Editor’s note: In the print edition of this week’s Sun, the front page continuation line at the bottom of this story directed readers to page 31. It actually continued on page 3. We regret the error.
The Coastal Commission is requiring Seal Beach to apply for a permit to raise beach parking fees, according to Finance Director Victoria Beatley. In related news, Associate Engineer David Spitz told the City Council this week that the permits to repair the pier could be on the Coastal Commission agenda sooner than expected.
As for the pier, Spitz said Coastal Commission staff has deemed the pier repair project permit application complete.
He said Coastal staff was hoping the pier would be on the commission’s August agenda. If not August, the pier project would be on the September agenda.
“If everything works out, we could potentially be in construction this winter,” Spitz said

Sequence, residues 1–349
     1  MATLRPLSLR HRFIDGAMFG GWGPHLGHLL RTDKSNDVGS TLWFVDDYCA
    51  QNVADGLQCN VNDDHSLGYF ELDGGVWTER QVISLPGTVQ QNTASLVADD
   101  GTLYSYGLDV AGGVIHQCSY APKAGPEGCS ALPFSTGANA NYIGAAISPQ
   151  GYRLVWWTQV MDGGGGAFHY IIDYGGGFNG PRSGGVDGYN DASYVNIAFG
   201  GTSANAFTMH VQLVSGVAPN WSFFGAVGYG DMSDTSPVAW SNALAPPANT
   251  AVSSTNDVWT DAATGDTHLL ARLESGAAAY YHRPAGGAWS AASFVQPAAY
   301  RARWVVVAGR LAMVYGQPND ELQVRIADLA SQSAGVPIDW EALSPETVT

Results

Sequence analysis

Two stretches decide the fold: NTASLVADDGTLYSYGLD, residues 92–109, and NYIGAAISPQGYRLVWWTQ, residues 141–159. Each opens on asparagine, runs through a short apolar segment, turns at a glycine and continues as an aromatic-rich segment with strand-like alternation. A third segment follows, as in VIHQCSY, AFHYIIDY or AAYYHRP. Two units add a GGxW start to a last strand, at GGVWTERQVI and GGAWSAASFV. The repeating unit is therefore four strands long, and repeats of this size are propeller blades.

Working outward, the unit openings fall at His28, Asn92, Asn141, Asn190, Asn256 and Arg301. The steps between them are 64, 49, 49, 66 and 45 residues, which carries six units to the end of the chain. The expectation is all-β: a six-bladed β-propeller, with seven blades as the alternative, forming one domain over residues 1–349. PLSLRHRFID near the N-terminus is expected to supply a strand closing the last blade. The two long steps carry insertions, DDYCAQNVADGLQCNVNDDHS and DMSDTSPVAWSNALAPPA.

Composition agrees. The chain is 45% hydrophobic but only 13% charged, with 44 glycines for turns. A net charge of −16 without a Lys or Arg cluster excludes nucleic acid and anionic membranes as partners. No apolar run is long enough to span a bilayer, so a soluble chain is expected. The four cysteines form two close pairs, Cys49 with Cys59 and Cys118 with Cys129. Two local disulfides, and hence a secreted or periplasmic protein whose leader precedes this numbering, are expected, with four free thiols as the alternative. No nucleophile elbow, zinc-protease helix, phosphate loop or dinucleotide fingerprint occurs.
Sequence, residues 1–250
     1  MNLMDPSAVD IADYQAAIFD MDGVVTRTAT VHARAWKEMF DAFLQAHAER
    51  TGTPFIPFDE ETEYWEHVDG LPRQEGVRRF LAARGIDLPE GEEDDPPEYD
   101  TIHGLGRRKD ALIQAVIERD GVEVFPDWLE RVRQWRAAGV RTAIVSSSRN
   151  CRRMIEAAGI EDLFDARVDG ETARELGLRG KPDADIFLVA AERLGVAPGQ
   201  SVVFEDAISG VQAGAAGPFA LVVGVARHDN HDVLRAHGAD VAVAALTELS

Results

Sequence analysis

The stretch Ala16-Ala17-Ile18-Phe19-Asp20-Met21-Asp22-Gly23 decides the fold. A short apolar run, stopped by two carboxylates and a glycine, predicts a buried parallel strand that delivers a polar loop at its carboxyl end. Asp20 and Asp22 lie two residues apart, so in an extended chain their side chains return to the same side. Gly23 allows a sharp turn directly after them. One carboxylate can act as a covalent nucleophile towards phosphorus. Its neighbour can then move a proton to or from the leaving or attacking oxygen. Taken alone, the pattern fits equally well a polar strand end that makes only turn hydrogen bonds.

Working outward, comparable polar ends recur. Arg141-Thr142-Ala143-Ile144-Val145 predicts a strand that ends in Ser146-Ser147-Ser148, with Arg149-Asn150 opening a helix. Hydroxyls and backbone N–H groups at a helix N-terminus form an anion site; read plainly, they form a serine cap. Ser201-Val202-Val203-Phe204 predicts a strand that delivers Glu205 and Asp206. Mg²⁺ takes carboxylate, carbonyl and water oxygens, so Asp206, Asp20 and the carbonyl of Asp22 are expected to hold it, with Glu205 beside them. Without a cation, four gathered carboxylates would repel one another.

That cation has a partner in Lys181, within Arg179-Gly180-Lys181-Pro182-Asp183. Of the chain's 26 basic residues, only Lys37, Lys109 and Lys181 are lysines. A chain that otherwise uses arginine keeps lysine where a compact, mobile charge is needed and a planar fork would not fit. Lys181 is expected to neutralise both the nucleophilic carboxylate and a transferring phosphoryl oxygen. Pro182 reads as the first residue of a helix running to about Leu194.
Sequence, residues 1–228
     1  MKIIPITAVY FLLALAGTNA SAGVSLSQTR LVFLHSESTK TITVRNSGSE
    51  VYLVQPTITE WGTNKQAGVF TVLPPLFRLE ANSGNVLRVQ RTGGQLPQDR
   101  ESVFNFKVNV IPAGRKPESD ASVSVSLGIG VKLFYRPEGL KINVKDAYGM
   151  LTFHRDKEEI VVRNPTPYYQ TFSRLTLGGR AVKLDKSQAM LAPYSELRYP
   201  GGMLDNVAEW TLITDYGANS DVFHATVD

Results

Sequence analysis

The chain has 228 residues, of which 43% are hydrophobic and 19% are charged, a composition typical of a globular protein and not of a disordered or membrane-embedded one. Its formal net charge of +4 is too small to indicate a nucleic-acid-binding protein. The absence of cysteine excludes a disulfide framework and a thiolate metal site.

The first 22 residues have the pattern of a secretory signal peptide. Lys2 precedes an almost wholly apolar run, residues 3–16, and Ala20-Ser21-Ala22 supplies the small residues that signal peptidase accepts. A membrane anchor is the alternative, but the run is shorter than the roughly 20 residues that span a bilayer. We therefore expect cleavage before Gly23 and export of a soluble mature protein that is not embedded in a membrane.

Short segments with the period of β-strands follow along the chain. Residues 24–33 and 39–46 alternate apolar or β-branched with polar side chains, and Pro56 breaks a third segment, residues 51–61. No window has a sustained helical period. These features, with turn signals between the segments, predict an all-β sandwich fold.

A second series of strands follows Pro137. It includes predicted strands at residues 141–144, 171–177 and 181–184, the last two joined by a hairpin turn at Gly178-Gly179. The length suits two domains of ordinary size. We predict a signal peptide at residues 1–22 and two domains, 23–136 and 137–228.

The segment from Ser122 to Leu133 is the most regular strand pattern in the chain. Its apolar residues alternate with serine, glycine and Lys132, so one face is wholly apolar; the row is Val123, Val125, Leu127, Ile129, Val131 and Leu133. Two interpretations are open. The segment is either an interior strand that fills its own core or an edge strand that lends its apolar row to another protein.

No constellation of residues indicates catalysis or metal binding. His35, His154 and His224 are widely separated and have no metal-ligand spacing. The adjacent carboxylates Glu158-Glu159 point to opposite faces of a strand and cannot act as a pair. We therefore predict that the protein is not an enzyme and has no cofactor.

As for beach parking fees, they were scheduled to increase on July 5. But Beatley told the Sun that a Coastal Commission staff member phoned her two days after the council approved the 2017-18 budget to inform her that the city would need a coastal development fee to increase the cost of beach parking.
She said a second CCC official called her around June 30. Both told Beatley that Seal Beach would need a coastal development permit to raise beach parking fees.
A Seal Beach resident apparently told the state commission about the 80 percent parking increase.
Beatley said by her rough estimate, this was costing Seal Beach $2,000 a day. She pointed out is the time of year when the city gets its highest revenue from beach parking fees. Asked if that would put Seal Beach’s tight budget in a deficit, Beatley said, “That’s an interesting question, because just from a mathematical standpoint, the $11,000 is gone.”
But she also said that, actually, the city won’t know the financial impact on the budget until the end of the year. The $11,000 Beatley referred to is the projected surplus that city staff had expected at the end of the current financial year.
She said it was too early to tell.
Beatley said the loss of the beach revenue was likely to cause the General Fund to support the Marine Safety (Lifeguard) Department.